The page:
Good and interested burghers of the Southern Tablelands have an opportunity to dive head first into the rich crucible of tuba music at the annual Octubafest on Saturday, October 22.
Being held for the first time at the Crookwell Memorial Hall, the band line-up includes the world famous Australian Tuba Quartet, headed by the irrepressible Tim Buzbee, and as backup, the Local Brass Connection Band.
The show is sponsored by the Gunning Focus Group.
Master of ceremonies will be Michael Katz, a local grazier, with limited musical knowledge but lots of enthusiasm.
Doors open at 4pm at the Hall.
Tickets are $25 for adults, $50 gets in a family of four, and kids are free.
The Crookwell Hall is licensed. This year Octubafest will again be showcasing the famous beer we drink down here, Garrundah Thunder, alongside its newer historical cousin, Captain Crookwell Pale Ale. Food will be available prepared by noted Sydney chef and gourmand Toby Douglas.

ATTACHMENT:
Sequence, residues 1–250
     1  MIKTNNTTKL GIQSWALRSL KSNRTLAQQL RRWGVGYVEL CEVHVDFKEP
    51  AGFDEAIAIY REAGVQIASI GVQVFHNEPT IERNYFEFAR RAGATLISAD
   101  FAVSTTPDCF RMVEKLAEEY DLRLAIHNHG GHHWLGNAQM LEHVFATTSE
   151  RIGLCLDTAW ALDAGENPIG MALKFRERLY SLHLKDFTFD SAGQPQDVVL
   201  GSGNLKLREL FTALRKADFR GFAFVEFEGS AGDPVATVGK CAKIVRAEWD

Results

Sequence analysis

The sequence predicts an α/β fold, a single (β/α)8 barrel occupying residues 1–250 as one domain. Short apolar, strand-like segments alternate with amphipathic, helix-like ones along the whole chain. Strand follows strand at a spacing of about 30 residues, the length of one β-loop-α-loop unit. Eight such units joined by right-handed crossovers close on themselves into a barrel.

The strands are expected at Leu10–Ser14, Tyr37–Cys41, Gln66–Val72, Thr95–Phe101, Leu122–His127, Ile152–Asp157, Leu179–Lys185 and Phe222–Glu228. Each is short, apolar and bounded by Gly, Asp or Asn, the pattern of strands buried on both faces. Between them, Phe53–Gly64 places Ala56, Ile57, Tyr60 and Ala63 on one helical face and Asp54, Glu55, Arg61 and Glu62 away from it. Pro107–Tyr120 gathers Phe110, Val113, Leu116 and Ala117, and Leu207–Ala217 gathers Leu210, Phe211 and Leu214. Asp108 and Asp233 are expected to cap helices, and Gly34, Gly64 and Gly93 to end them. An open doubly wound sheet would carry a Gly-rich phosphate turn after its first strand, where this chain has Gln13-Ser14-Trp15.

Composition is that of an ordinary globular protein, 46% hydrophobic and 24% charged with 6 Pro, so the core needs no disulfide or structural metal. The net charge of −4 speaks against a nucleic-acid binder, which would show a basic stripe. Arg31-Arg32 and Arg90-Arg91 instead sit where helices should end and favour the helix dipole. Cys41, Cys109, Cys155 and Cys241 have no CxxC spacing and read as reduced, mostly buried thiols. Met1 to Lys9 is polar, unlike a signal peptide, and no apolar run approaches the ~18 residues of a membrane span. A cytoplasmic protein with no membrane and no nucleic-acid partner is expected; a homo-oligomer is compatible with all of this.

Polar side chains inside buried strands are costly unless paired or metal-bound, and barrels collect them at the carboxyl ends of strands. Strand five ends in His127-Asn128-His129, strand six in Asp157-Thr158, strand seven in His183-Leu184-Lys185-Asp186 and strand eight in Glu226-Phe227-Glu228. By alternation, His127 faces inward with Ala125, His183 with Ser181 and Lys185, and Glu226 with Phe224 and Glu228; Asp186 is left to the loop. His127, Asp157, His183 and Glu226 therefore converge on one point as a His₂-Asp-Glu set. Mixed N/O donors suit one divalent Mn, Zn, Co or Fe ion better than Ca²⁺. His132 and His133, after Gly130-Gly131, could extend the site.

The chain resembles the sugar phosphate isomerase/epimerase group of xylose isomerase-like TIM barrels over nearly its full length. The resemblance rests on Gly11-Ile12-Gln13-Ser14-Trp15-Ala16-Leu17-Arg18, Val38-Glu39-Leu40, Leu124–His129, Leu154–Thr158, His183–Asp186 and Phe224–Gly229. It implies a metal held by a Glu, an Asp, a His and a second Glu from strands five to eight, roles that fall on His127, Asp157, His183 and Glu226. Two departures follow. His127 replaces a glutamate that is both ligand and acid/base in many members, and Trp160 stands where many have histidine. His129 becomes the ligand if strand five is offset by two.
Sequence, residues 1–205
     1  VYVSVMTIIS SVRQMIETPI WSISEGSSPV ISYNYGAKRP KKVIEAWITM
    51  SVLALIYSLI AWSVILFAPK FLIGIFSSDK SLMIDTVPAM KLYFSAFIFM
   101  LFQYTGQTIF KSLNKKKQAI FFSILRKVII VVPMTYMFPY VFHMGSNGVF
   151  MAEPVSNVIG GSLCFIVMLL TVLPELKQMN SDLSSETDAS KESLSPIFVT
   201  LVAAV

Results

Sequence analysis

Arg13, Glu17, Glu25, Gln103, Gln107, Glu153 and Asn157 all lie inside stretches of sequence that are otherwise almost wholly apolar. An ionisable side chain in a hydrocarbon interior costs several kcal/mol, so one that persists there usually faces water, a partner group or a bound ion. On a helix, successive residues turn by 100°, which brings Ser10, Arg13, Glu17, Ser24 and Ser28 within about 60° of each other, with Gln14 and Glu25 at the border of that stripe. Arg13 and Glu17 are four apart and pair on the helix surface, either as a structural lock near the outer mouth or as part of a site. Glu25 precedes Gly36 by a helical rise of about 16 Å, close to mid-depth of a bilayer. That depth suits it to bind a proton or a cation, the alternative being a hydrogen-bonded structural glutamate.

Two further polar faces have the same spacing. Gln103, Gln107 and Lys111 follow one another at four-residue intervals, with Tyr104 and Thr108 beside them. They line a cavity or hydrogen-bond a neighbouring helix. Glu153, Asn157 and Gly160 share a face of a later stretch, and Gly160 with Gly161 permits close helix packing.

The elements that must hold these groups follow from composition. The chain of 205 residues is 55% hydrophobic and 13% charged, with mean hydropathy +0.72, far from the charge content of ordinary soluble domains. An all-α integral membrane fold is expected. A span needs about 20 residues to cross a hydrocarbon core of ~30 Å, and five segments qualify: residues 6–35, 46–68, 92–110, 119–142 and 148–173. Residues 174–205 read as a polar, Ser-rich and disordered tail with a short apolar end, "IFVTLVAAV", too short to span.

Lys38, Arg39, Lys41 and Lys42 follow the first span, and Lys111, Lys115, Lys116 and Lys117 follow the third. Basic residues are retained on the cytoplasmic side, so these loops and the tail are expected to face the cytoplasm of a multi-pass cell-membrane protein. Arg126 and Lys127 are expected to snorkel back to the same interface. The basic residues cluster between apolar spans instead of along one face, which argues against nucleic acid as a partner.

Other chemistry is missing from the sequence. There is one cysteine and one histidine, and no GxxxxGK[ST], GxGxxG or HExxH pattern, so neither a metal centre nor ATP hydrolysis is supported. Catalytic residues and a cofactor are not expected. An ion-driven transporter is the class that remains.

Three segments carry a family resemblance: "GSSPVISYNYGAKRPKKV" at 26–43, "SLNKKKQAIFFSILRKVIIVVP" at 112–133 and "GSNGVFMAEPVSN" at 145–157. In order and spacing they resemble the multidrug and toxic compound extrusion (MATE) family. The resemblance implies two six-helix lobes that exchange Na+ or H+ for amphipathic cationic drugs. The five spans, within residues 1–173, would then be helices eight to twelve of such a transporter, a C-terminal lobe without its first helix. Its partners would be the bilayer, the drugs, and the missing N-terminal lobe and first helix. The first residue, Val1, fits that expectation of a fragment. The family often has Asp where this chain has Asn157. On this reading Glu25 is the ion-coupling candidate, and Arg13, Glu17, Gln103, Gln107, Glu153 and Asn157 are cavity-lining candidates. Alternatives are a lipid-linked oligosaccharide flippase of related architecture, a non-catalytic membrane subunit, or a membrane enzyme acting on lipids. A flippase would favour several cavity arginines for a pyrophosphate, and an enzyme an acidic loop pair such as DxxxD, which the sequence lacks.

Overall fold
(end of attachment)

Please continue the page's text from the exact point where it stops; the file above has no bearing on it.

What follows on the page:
Come along. It will be a rollicking afternoon.
Tuba players, particularly in orchestras are individuals.
Usually there is only one. They sit near the back.
The rest of the orchestra thinks they have attitude.
And they are the butt of jokes – that may have something to do with the size of the instrument they play – a ridiculously long 20 feet of folded polished, metal tube.
By vibrating or buzzing their lips into a large cupped mouthpiece, tuba players, produce the largest and lowest-pitched sound of the brass instrument family.
The tuba serves as the bass of the orchestral brass section, reinforcing the bass voices of the strings and woodwinds.
Tuba is Latin for trumpet.
And it leads to a host of tuba jokes.
Like: what's the difference between the sounds a tuba makes and a sick elephant? I can't tell the difference either!.
Why are tubas like elderly parents? Both are unforgiving and difficult to get into and out of cars.
While not having as long a distinguished musical history like the violin, the tuba first appeared in the mid 19th-century.